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Excerpt from Oral History Interview with Elizabeth Brown, June 17, 2005. Interview U-0019. Southern Oral History Program Collection (#4007) See Entire Interview >>

Class discrimination among black students

Brown recalls learning about her students' psyches through their after-class gossip. She shares an example that she believes reveals the class discrimination within the African American community.

Citing this Excerpt

Oral History Interview with Elizabeth Brown, June 17, 2005. Interview U-0019. Southern Oral History Program Collection (#4007) in the Southern Oral History Program Collection, Southern Historical Collection, Wilson Library, University of North Carolina at Chapel Hill.

Full Text of the Excerpt

KIMBERLY HILL:
If we use that case as an example, how do you think you would've handled it differently if some of those kids had been black or Hispanic?
ELIZABETH BROWN:
The ones that said it or-
KIMBERLY HILL:
Yeah, the ones who said it.
ELIZABETH BROWN:
Hispanic against their own group.
KIMBERLY HILL:
It's possible.
ELIZABETH BROWN:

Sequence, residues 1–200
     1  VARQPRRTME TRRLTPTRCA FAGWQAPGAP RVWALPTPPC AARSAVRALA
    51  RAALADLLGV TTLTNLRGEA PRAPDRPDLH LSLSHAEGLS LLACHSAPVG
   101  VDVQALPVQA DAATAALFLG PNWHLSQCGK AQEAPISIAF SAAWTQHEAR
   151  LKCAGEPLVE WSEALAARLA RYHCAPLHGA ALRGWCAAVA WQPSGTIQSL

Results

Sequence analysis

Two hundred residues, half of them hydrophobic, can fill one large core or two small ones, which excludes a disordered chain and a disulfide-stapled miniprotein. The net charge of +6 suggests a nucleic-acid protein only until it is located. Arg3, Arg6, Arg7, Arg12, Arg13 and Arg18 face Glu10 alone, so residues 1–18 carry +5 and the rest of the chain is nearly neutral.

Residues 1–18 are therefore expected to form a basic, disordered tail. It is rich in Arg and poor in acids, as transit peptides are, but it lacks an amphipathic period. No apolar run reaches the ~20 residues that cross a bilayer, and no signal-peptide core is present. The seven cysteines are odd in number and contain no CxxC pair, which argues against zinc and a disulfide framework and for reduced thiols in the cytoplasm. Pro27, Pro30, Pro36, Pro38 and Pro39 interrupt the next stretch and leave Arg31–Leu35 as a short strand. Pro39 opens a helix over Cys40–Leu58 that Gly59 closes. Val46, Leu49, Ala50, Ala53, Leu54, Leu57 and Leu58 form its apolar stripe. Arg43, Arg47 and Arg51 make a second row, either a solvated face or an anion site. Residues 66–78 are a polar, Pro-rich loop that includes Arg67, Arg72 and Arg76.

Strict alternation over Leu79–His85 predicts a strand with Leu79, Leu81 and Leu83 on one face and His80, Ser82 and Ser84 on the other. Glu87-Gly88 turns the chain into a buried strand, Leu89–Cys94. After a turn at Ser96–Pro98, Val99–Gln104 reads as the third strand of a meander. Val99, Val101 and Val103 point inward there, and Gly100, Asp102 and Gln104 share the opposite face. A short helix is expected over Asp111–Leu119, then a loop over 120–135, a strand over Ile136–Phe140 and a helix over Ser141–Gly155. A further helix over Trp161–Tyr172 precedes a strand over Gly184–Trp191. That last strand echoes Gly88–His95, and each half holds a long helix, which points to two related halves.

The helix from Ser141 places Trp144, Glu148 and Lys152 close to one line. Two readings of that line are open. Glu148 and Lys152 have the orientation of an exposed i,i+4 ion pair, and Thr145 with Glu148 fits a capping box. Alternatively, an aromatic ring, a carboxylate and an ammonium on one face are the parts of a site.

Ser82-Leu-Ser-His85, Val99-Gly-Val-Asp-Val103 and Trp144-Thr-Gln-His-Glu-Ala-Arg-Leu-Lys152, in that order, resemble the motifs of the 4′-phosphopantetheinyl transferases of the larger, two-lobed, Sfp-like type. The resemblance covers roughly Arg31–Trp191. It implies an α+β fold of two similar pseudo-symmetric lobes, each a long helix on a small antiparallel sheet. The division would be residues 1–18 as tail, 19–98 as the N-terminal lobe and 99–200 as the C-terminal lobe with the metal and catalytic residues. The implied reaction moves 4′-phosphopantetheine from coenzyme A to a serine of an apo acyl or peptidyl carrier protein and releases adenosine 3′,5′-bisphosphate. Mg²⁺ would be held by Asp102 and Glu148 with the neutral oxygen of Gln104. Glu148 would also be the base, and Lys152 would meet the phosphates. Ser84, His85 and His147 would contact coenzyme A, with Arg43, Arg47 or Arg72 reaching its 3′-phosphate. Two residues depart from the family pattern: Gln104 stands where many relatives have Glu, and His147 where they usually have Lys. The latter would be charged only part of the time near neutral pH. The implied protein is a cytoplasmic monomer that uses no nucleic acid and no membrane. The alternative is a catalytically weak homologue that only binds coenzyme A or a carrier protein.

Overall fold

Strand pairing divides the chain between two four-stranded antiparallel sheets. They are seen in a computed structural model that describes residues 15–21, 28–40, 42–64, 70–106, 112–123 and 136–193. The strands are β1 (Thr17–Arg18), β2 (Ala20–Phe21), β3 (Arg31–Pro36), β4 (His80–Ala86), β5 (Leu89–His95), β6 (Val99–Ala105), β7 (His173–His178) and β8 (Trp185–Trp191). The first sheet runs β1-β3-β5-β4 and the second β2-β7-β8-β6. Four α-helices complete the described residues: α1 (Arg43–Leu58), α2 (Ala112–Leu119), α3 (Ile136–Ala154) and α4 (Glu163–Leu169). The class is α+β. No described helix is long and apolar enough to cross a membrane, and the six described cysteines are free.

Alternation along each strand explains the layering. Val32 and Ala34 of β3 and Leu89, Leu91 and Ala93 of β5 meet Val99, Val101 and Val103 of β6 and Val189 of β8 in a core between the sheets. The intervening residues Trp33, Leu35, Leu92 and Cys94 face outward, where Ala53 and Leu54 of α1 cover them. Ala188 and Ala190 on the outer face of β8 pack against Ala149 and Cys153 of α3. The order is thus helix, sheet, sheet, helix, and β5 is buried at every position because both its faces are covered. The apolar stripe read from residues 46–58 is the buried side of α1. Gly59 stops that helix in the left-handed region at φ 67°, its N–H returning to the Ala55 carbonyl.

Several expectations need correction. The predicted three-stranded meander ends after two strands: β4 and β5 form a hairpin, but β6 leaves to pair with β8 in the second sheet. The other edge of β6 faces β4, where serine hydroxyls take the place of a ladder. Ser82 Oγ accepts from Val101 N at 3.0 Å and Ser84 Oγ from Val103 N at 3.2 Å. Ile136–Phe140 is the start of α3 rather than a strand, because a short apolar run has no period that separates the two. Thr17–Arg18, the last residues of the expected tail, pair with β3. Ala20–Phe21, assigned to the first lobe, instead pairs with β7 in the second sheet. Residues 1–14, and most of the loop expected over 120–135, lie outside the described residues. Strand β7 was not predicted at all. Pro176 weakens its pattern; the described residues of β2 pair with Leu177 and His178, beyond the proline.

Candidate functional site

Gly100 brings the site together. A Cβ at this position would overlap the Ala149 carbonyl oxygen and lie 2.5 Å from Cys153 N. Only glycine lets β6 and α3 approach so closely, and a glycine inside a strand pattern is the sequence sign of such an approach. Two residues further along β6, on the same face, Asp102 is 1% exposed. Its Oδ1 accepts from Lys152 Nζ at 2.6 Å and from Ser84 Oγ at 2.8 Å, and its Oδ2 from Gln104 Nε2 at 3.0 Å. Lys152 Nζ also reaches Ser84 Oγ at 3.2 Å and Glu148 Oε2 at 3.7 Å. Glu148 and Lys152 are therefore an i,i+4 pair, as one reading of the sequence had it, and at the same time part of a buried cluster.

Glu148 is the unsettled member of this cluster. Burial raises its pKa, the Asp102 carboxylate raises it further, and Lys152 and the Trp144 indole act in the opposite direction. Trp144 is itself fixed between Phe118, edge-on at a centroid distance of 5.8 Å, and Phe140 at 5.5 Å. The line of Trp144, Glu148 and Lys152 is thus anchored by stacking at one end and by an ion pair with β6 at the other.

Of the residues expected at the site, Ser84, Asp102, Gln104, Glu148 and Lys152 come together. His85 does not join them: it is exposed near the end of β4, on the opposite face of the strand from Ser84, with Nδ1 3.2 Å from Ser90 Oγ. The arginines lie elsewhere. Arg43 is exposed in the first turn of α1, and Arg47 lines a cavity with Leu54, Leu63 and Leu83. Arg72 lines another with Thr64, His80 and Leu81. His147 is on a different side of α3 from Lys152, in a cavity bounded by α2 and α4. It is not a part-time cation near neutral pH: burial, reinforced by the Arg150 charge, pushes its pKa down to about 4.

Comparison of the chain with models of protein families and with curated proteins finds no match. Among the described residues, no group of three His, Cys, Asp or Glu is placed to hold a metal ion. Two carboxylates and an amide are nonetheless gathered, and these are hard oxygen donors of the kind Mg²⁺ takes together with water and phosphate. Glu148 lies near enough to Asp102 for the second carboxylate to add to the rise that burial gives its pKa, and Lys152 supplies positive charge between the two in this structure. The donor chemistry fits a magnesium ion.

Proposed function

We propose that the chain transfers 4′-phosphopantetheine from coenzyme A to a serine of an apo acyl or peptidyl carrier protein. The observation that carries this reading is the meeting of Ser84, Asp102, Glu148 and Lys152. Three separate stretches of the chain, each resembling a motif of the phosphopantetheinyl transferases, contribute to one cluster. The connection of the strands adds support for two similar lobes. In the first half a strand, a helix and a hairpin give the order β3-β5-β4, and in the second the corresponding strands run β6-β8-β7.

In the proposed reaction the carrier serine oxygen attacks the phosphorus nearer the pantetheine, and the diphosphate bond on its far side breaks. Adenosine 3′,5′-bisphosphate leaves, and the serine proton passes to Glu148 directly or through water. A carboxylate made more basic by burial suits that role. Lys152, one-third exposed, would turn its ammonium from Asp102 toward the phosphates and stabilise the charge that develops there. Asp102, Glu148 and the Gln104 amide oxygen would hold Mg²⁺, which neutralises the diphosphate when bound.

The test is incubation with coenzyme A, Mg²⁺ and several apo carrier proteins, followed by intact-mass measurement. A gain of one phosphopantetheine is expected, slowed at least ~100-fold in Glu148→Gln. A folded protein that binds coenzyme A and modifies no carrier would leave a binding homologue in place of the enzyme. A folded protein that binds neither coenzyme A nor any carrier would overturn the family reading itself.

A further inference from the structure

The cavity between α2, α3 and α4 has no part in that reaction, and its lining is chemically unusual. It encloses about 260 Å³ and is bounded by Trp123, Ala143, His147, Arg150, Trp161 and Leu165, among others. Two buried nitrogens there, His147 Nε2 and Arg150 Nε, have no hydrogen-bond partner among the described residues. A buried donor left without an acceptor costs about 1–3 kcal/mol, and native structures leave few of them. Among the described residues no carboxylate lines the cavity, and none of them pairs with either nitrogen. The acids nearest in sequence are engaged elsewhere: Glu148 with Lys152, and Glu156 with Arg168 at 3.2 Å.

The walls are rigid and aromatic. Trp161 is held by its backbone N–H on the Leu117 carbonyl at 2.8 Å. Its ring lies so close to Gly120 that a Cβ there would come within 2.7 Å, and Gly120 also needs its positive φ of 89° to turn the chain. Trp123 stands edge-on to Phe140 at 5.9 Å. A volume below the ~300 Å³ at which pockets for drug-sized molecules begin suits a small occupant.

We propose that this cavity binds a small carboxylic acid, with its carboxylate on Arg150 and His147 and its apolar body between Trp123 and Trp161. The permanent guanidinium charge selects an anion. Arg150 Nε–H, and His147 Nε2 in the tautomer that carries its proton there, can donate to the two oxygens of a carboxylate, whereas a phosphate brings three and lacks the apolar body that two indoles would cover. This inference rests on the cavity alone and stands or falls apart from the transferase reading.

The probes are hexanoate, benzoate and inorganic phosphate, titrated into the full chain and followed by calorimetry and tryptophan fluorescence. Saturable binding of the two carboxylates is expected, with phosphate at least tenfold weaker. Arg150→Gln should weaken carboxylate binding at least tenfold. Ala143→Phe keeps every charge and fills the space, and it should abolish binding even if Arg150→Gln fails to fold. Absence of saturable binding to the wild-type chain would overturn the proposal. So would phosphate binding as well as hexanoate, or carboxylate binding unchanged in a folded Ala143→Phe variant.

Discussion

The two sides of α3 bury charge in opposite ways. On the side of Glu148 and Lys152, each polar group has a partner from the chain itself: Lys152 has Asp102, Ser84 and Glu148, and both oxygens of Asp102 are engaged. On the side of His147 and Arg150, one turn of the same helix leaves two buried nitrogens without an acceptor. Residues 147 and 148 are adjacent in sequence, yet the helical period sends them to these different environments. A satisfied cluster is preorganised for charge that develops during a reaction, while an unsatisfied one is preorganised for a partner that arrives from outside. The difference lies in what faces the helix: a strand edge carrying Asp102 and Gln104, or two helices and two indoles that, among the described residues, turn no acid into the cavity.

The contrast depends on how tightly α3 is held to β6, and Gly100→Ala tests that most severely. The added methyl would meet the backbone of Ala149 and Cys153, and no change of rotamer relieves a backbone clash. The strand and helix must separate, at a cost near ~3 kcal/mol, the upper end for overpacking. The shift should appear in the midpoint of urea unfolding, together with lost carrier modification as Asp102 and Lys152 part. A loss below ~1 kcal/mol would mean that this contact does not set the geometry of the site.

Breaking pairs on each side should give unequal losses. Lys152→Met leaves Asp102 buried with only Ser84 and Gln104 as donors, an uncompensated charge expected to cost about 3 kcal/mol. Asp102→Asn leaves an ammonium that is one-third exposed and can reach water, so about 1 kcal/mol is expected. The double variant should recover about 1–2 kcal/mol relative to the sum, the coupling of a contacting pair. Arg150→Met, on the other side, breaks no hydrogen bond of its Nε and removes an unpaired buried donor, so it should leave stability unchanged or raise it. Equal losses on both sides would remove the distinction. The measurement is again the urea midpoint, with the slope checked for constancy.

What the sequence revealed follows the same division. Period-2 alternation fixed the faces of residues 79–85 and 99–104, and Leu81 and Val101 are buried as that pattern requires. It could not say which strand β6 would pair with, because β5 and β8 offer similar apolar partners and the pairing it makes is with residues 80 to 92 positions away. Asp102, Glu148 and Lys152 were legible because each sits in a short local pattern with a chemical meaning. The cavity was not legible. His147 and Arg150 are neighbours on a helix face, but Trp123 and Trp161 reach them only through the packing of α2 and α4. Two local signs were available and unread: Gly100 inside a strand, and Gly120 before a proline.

I would, if it had been like an Hispanic kid, I would say how could you possibly make fun of anyone or say something against someone that's your own heritage. That's, I would relate it to that. Sometimes the black students here have made fun of other blacks. It's the idea if I make it, anybody can make it. I try to, that's not necessarily true. You have, there are certain circumstances that are, it's just like someone two people who are very good in acting and one becomes a star because they just happens to be in the right place at the right time. The other person doesn't. He's teaching drama in some high school at much less money. So I would not allow, occasionally I've had students make fun of what they would consider lazy blacks or low income whatever and say it's their own fault and so on. I will, very seldomly is it in a classroom situation. It's after school situations that they sometimes, not ever year, but sometimes you get a group that hangs out in your classroom for about five or ten minutes as a meeting room, and you'll hear a lot more than you'll ever heard in class. I remember a few years back the, there was a group of about six or eight blacks. There were some whites in with them but mostly and for some, they had their lockers there after school, and they came back after school and told me about whatever, things. Most of the time it wasn't significant, but they didn't like any of the black boys. They didn't know who to go-. Six of them decided to go to the prom together. They weren't interested in dates. They were going with these girls, and they rented a motel room afterwards because they were going to gossip about everybody that was there. They admitted they were going to have a lot of fun gossiping, making fun of the other people who went to the prom, which I thought was great because I don't think proms are all that great anyway. But anyway, I said well, why don't you take, why don't you go with some of the boys. I mentioned the black boys at the school. Oh no. He can't do such and such. Oh no, he can't-. Have you ever seen his car and dadadadada. All this stuff like that. Just they seemed nice to me, but they had something against every single one of them. I brought up about five or six of them. Then-